Earthrise and Food & Water Watch Seek to Address Adverse Air Quality Impacts from Factory Farms
July 17, 2019
Concentrated animal feeding operations (“CAFOs”) are large scale, industrialized “farming” operations that cause a multitude of harmful impacts to the environment and people living nearby. CAFOs are often associated with adverse impacts to water resources due to the run-off of animal waste from the operations. However, CAFOs also cause significant adverse impacts to air quality, which can have negative public health effects.
Particulate matter and ammonia are common pollutants emitted from poultry CAFOs and both can cause respiratory health concerns. In fact, ammonia is listed as a “hazardous substance” under the Comprehensive Environmental Response, Compensation, and Liability Act (“CERCLA”) and an “extremely hazardous substance” under the Emergency Planning and Community Right to Know Act (“EPCRA”). CAFO ventilation fans also blow feathers, particles of poultry litter, dust and other allergens, and pathogens into the surrounding air. Exposure to these airborne contaminants has been associated with numerous adverse health effects, including asthma, chronic cough and phlegm, allergic reactions, and chronic bronchitis.
One area where CAFOs have established a strong presence is the Delmarva Peninsula near the Chesapeake Bay. Poultry CAFOs in particular dominate the area. One factor that facilitates the construction and operation of CAFOs is the ability of CAFO owners to receive loans or loan guarantees from the federal government.
Unfortunately, the federal government—specifically, the U.S. Department of Agriculture and its sub-agency, the Farm Service Agency (“FSA”)—in authorizing its loans or loan guarantees often does not sufficiently evaluate the environmental effects of the projects it is green-lighting. On August 23, 2017, Earthrise, on behalf of Food & Water Watch, filed a Complaint against the USDA and the FSA alleging several claims under the Administrative Procedure Act for violations of the National Environmental Policy Act. Our claims under NEPA included failure to consider an adequate range of alternatives, failure to properly analyze cumulative impacts and failure to take a hard look at impacts to air quality impacts. Air impacts are particularly concerning for the facility’s neighbors who are concerned about the increased health risks for themselves and visiting grandchildren.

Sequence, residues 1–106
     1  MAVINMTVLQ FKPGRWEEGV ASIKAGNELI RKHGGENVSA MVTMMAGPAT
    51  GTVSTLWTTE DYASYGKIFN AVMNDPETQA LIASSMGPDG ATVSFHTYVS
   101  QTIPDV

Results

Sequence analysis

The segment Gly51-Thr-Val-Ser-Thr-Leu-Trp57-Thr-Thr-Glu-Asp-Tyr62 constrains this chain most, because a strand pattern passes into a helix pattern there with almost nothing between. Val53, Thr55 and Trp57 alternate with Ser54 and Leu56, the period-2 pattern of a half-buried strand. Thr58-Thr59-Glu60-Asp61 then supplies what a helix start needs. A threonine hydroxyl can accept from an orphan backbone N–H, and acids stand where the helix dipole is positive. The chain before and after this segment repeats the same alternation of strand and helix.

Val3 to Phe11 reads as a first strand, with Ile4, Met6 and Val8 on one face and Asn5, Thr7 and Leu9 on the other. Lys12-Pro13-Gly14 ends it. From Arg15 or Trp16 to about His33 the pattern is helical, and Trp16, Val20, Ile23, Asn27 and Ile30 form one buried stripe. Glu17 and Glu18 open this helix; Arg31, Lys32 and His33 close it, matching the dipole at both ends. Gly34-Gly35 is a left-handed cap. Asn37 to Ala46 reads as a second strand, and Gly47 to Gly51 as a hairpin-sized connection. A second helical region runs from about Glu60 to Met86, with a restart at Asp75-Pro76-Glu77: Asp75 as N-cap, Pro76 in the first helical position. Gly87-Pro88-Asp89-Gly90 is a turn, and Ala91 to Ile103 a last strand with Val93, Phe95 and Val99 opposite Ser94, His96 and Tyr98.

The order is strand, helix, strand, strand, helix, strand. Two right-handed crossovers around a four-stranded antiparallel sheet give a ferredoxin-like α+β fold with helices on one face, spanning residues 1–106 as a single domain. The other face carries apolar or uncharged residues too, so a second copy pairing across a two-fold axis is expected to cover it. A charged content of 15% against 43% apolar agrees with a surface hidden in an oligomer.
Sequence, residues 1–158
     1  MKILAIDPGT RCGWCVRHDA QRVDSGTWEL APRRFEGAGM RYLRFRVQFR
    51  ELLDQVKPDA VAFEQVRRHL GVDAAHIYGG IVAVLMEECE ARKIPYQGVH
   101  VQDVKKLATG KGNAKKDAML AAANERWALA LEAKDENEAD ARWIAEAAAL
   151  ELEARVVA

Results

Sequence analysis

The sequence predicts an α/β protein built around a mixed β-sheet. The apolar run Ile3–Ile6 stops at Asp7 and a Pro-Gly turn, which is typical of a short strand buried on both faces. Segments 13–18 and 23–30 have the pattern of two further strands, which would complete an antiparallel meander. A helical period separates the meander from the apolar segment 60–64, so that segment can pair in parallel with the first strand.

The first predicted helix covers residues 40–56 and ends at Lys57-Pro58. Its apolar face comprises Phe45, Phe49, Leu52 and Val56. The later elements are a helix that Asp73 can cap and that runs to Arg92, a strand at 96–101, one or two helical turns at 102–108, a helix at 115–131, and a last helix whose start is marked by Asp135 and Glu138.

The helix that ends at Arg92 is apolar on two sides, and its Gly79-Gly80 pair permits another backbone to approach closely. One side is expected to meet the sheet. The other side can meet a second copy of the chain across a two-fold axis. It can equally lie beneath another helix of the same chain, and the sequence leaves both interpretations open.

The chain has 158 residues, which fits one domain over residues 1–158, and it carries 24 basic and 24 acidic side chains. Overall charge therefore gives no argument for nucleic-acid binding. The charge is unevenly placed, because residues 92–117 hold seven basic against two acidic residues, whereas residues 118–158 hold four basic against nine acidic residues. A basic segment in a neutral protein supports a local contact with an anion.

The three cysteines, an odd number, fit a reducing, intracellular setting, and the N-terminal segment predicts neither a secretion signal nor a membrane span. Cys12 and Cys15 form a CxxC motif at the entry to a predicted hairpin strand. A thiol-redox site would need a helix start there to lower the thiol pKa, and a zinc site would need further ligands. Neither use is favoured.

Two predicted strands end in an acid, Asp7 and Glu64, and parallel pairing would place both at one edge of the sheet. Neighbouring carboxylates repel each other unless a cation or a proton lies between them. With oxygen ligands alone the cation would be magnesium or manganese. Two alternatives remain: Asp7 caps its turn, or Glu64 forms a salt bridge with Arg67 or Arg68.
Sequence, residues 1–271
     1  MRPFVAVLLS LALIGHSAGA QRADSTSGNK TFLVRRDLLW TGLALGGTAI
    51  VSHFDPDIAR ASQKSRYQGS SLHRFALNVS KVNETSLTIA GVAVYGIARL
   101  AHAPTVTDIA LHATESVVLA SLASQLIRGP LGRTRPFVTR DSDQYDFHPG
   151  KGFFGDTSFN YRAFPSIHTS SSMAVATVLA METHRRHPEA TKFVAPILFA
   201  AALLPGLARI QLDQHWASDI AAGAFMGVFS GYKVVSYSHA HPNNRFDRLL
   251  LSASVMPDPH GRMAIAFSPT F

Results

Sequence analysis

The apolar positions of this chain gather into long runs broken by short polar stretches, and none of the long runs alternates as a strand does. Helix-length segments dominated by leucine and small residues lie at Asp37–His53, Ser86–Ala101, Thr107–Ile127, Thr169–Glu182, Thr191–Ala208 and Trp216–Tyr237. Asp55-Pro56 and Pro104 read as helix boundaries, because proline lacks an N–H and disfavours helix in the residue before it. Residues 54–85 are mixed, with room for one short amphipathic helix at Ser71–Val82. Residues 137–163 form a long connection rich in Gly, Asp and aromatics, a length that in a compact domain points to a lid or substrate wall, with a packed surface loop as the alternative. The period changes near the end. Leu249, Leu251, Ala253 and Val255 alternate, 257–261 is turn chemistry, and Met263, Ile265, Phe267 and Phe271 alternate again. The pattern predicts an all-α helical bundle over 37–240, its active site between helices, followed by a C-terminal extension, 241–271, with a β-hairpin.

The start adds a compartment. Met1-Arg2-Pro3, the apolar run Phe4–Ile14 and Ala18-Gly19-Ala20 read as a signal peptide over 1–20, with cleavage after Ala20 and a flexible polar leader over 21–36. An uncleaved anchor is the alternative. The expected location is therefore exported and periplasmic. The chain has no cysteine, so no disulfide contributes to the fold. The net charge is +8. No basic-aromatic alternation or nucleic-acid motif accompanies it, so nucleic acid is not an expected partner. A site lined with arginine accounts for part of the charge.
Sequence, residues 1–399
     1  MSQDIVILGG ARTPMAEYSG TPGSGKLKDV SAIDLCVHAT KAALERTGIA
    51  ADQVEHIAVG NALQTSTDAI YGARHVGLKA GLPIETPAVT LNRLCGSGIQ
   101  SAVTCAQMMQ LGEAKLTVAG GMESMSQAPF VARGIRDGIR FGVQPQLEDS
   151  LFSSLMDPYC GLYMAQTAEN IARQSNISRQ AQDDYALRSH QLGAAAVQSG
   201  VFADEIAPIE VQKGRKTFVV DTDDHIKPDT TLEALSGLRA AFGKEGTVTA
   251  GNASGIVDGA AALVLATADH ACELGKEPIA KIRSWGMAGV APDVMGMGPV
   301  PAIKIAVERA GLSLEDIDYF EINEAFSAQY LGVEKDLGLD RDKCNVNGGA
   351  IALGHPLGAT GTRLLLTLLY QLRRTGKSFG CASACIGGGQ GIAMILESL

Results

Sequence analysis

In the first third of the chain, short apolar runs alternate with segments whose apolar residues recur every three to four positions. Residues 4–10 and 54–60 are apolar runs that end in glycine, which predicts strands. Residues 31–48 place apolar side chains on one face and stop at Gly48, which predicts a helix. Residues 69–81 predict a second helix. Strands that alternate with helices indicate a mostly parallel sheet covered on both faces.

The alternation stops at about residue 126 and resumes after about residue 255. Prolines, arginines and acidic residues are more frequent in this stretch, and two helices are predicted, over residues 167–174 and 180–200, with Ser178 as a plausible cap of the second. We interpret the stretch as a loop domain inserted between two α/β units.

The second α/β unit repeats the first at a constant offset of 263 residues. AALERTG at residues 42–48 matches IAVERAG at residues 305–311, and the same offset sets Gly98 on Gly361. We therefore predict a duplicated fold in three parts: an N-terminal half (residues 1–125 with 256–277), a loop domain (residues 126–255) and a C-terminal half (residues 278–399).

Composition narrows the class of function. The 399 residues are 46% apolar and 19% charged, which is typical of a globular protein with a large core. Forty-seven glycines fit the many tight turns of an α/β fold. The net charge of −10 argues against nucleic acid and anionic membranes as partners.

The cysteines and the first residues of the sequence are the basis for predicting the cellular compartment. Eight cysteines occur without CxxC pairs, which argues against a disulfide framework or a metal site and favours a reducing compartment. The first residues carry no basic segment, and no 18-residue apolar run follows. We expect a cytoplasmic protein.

Since we filed the case, the federal government has filed a Motion to Dismiss, which the Court denied. We have filed two motions to complete the administrative record, both of which were resolved favorably for our client. And, most recently, the Court granted our motion to amend the complaint over the government’s objection. We are now in the process of briefing the merits of the case for summary judgment, which will be completed by the end of 2019, so check back then for further updates.